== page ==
To officially launch this blog (I've been happily talking to myself here so far) I've published a podcast about using lines in Google Earth projects:
here's the related Google Earth .kmz file
Its a development of another podcast I did a while back at my podcast site Kokae on more general design:
If you care to watch both you will spot a contradiction. In the first 'Lines' podcast I extol the virtues of the sludgy coloured line and then in the second I go and use lots of brightly coloured lines. I would argue that I'm sticking to my own rules, in the first case using a grey line produced a map that had lots of data on it. In the second there was less data (positions of ships and their routes) but more types of data (different voyages). Differentiating between the routes became more important than being able to see lots of data in one go.
Part of the problem lies in Google Earth, when you view a Google Earth project data is plotted on top of satellite imagery which allows a user to see where they are. In a traditional map the background would be white, the user has to scratch her head to work out where the map is and which way its pointing *but* subtle differences in icons or lines stands out more clearly. All of which gives me an excuse to dig out a historical map of Hawaii from the David Rumsey collection:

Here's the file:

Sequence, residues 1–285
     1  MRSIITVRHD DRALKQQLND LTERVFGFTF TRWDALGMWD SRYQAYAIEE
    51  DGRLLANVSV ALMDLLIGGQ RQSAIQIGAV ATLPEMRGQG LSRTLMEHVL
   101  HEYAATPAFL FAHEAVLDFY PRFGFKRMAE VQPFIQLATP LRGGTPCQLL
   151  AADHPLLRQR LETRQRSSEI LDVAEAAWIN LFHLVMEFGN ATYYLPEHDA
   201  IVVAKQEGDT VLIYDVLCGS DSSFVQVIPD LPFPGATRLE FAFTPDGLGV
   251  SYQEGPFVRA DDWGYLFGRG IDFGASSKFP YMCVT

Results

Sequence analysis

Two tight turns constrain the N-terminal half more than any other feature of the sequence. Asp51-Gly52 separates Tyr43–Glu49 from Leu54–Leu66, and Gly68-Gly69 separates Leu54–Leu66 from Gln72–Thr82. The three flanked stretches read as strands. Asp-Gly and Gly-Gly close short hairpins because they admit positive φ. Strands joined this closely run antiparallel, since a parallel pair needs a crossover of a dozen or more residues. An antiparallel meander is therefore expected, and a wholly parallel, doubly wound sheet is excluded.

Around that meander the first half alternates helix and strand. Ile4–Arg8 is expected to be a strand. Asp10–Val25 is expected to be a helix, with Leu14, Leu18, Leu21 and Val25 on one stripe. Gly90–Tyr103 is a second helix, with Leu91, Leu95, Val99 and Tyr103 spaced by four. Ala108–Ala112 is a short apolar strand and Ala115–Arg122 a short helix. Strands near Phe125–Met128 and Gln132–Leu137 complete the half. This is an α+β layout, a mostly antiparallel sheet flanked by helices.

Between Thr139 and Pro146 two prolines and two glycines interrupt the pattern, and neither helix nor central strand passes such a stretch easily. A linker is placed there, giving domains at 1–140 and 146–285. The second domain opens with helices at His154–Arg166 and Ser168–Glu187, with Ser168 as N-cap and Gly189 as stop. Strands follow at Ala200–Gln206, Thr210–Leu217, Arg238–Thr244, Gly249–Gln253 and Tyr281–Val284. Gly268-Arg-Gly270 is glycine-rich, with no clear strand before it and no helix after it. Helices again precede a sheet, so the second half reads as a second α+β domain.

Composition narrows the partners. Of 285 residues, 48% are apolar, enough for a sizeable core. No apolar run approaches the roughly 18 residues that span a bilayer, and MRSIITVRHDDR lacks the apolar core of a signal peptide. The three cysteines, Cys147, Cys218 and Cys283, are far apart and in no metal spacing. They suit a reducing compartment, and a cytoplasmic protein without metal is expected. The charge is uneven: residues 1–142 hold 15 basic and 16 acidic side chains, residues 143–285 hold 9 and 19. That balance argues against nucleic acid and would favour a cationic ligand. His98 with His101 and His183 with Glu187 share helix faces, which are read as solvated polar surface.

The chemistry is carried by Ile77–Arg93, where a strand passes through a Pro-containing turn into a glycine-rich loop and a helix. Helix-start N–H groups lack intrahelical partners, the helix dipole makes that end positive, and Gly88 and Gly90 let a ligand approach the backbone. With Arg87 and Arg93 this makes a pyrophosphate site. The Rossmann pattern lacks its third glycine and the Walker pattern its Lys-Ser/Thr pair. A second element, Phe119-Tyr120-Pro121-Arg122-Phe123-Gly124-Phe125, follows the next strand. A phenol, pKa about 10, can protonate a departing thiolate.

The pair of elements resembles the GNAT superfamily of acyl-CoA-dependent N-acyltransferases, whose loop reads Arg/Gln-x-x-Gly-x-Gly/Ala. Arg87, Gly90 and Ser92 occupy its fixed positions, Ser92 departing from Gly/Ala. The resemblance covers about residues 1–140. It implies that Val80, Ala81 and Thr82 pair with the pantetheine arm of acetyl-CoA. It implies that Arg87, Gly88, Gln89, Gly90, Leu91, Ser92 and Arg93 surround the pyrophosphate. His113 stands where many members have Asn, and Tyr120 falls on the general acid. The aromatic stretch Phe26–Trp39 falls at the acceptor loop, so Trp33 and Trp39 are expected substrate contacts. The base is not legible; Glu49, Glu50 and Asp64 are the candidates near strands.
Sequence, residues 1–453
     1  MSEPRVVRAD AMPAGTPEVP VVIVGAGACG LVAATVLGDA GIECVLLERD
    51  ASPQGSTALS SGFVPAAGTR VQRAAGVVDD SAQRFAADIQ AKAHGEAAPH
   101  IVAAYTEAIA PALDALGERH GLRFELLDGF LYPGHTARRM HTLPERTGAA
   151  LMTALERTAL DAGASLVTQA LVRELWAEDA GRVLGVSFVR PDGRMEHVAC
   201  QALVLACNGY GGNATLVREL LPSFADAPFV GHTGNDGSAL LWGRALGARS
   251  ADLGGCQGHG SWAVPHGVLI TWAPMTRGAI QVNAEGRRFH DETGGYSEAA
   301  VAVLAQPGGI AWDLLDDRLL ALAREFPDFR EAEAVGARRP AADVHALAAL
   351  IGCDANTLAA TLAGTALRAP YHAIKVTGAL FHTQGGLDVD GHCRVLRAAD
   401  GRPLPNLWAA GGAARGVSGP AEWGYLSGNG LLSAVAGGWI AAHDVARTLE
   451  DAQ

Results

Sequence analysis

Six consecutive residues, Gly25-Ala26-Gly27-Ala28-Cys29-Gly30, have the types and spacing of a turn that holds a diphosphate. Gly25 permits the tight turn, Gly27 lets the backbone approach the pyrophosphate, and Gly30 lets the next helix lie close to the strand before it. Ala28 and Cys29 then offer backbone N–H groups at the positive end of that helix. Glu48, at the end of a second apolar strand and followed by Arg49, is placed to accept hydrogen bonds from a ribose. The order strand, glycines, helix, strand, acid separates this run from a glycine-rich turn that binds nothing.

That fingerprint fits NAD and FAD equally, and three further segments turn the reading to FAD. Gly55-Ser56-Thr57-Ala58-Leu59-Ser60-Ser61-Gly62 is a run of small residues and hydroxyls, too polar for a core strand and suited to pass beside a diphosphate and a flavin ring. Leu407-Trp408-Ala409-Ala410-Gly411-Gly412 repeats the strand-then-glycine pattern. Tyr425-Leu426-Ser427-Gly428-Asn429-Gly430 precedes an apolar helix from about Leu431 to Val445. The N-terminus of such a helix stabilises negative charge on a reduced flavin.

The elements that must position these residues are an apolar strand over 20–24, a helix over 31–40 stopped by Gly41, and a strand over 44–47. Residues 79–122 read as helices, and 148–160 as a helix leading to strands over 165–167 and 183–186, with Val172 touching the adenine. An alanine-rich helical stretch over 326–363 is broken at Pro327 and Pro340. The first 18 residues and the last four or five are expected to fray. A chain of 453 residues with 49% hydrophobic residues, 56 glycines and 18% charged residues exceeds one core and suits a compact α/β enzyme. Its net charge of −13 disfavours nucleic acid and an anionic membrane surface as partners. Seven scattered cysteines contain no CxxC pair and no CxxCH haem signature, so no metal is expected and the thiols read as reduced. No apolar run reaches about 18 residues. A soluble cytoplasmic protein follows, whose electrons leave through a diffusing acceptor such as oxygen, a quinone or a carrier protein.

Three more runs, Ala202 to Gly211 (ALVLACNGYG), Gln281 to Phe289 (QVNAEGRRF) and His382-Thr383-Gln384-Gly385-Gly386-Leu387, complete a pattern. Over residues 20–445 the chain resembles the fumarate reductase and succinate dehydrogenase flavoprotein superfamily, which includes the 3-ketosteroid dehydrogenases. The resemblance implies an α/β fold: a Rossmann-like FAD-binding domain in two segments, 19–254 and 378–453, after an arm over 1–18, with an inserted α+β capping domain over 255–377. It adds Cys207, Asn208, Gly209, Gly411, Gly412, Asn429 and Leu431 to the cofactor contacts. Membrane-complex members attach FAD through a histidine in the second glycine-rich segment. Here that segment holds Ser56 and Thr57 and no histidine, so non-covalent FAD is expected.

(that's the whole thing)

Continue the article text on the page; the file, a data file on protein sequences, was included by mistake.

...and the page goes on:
It doesn't use colour but you can imagine if we plotted Cook's journeys around the islands we wouldn't have to resort to bright, primary colours lines to do so.
Aside: The Hawaiian chain was initially known as the Sandwich Islands as marked on the map and Hawaii, correctly pronounced Ha - vai - ee was spelt a decidedly odd 'Owyhee'.